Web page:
The renowned poet Louis MacNeice was buried at Christ Church, Carrowdore - or as the locals call it, Church Hill. Many generations of my Wilson and Kerr ancestors lie there, just a few yards away. Our Wilson homesteads lie in the low ground below the church. Here is MacNeice’s modest plot.
In 2010, Faber & Faber pubished the Selected Letters of Louis MacNeice, edited by Professor Jonathan Allison, an Ulsterman who is now Professor of English at the University of Kentucky. I have never met Professor Allison but he seems to return to Belfast from time to time.
There is an interesting footnote here, in Imagined Differences, which reproduces an Ards Peninsula song called The Bright Orange Heroes of Comber, (sometimes called The Bold Orange Heroes of Comber) which Dr Allison recalled from his Bangor childhood. It is a song which has long intrigued me, as its tune is so unlike other Orange songs which I grew up with. The phraseology of the song title can be found in local newspapers from the 1870s, it describes the period of Daniel O’Connell’s “monster meetings” of the early 1840s. So the words are old.
I first heard the song in the late 70s or early 80s from one of those old Ulster loyalist LPs which were so common back then during the Troubles, but the lyrics were more strident and sectarian than the original Ards Peninsula version, with the storyline relocated to Portadown rather than Greyabbey. It has been recorded by a range of artists - Jackie O’Brien and the Pikemen around 1968 (see here), and by Liam Andrews for the BBC in 1952 (see here). Cathal O’Boyle has commented on the lyrical structure of the song (see here).
The melody sounds very old. It’s still part of the flute band repertoire today, you’ll see clips on YouTube, but played to a stiffer rhythm which kills a lot of the mood. However, played on a mandolin, which of course is tuned the same as a fiddle, it sounds haunting, in D minor, and positively Appalachian. If the song does indeed date from the 1840s, it is perhaps a glimpse of a tune from a time even earlier than that. Perhaps the type of tune which was exported to New England, Pennsylvania and Appalachia… and beyond.
The Bright Orange Heroes of Comber
On the twelfth of July last as Greyabbey town we passed
to Kircubbin where we did assemble
the rebels they did pray for a curse on us that day
and their hearts within them did tremble
As we passed down Shuttle Row, that's a rebel place you know
thinking we were useless lumber,
they swore they'd break our drum if we up to them did come
but we're the bright Orange heroes of Comber.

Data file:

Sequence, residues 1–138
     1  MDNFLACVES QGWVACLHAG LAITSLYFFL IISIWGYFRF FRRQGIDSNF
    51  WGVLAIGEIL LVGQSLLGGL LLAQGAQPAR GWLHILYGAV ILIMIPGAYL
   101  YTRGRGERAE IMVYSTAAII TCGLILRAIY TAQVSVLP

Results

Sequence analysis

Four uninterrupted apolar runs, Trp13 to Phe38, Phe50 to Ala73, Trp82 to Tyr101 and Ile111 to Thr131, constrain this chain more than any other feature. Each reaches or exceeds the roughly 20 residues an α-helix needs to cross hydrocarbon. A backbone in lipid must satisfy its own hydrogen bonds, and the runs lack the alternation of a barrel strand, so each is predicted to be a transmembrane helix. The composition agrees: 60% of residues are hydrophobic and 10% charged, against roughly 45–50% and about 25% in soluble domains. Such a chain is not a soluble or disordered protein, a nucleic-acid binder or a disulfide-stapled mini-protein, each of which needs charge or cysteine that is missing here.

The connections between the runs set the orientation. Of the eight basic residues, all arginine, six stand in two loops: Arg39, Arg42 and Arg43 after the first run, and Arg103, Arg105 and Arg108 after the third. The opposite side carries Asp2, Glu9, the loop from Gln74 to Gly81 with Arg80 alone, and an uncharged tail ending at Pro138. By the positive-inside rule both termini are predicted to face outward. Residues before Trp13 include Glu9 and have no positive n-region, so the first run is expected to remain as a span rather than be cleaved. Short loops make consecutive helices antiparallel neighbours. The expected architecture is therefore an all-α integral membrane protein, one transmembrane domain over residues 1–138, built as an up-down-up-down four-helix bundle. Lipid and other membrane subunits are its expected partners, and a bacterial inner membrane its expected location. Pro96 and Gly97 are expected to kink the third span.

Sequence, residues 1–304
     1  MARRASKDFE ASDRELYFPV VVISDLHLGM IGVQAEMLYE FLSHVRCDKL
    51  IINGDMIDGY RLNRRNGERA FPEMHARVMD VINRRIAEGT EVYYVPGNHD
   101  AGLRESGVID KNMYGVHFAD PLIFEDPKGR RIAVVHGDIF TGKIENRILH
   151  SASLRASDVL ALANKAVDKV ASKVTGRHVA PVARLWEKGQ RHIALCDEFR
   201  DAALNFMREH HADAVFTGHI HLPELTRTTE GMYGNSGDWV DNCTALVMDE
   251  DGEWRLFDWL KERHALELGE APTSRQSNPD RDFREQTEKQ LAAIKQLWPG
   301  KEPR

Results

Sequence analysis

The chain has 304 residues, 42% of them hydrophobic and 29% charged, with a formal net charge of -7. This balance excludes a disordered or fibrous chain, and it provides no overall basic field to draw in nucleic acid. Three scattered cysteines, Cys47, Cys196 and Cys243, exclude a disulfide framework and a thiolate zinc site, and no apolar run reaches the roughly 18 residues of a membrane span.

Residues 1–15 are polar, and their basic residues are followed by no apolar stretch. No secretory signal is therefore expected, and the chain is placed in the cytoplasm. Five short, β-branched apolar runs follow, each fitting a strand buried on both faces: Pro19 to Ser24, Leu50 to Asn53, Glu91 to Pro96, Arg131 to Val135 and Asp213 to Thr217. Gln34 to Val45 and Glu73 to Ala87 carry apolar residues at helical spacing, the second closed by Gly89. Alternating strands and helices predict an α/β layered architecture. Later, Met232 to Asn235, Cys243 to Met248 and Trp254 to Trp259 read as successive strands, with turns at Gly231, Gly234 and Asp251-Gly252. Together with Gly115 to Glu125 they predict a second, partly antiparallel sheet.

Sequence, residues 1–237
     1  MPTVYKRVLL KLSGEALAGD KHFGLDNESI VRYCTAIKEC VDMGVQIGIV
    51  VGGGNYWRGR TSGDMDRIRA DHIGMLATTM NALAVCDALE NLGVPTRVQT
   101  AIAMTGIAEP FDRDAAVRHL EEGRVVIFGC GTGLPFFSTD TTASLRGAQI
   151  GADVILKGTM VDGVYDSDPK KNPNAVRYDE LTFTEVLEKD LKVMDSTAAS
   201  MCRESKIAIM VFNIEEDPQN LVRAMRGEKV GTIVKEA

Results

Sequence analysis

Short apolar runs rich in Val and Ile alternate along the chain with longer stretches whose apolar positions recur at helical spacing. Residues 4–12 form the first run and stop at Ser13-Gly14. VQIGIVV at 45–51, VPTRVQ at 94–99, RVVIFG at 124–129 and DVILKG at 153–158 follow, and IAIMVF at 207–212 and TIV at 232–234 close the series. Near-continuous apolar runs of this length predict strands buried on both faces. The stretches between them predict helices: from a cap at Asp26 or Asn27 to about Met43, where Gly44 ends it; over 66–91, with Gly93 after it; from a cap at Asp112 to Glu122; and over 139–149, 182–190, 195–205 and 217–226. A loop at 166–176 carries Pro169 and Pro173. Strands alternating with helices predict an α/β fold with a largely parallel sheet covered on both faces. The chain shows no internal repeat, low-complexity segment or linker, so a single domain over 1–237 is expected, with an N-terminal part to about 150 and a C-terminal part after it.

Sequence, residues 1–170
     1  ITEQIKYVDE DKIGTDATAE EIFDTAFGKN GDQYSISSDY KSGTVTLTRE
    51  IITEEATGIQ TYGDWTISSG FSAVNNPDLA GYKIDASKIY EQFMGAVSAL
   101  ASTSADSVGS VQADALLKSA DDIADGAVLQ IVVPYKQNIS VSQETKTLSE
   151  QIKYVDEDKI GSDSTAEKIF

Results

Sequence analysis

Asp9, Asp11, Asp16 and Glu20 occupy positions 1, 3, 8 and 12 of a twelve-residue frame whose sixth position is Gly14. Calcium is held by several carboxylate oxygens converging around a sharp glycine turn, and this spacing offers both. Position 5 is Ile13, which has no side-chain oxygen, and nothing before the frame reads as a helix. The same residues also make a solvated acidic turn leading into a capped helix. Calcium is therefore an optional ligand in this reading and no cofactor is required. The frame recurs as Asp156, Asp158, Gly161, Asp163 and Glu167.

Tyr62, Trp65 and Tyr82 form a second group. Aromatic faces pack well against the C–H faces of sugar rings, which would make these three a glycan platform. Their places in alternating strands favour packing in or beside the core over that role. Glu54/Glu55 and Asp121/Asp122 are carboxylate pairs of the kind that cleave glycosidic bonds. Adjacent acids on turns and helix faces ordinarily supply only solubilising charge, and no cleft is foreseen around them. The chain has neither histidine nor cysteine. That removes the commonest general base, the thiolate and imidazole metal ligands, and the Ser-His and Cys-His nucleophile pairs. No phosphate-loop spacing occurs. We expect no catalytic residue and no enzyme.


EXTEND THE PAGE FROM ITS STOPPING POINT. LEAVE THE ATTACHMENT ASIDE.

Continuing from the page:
O'Connell he does boast of his great big rebel host
He says they are ten thousand in number.
But half of them, you'll find they are both lame and blind
but we're the bright Orange heroes of Comber.
So here's a loyal toast may all base traitors roast!
Confound the foes of the Orange Order!
For we'll give blow for blow while swift Boyne waters flow
for we're the bright Orange heroes of Comber
<< I'll try to upload an audio clip of the tune here >>
In the late Grady McWhiney and Forrest McDonald's much-debated 1989 book Cracker Culture, they wrote that a tune called ‘The Battle of the Boyne’ travelled to the USA where it became ‘Buffalo Gal’ or ‘Nashville Gal’ (see here).
I’m not knowledgable enough to know if any overtly Orange tunes made their way to America. The timelines don’t really fit. The demographics don’t really fit either. Orangeism only developed in the late 1700s and early 1800s, just as the massive wave of 1700s Ulster-Scots migration to America was slowing down. It was in Canada where, in the later 1800s, a large Orange publishing output emerged, such as this from 1876. But this section from the classic Gone With The Wind shows that there was at least a degree of awareness, with one tune featuring:
"... Gerald had come to America from Ireland when he was twenty-one. He had come hastily, as many a better and worse Irishman before and since, with the clothes he had on his back, two shillings above his passage money and a price on his head that he felt was larger than his misdeed warranted. There was no Orangeman this side of hell worth a hundred pounds to the British government or to the devil himself; but if the government felt so strongly about the death of an English absentee landlord's rent agent, it was time for Gerald O'Hara to be leaving and leaving suddenly. True, he had called the rent agent "a bastard of an Orangeman," but that, according to Gerald's way of looking at it, did not give the man any right to insult him by whistling the opening bars of "The Boyne Water."
The Battle of the Boyne had been fought more than a hundred years before, but, to the O'Haras and their neighbors, it might have been yesterday when their hopes and their dreams, as well as their lands and wealth, went off in the same cloud of dust that enveloped a frightened and fleeing Stuart prince, leaving William of Orange and his hated troops with their orange cockades to cut down the Irish adherents of the Stuarts ..."
Rory Fitzpatrick famously complained in God's Frontiersmen that the lead characters in Gone With The Wind should have been emigrant Ulster-Scots Presbyterians rather than emigrant Irish Catholics, which would have been a more realistic portrayal of life in the American South at that time. Regardless, this world-famous 1936 novel refers to Orangemen. But what if there was an earlier one, say from 1817, published in Winchester, Virginia, which did as well?... that will be the subject of a future post.
P.S.: To bring this post full circle, Louis MacNeice’s father, Rev Frederick MacNeice (1866–1942), was an Orangeman, yet one who rejected the Ulster Covenant of 1912. It’s the complexities and overlaps which make this place so interesting.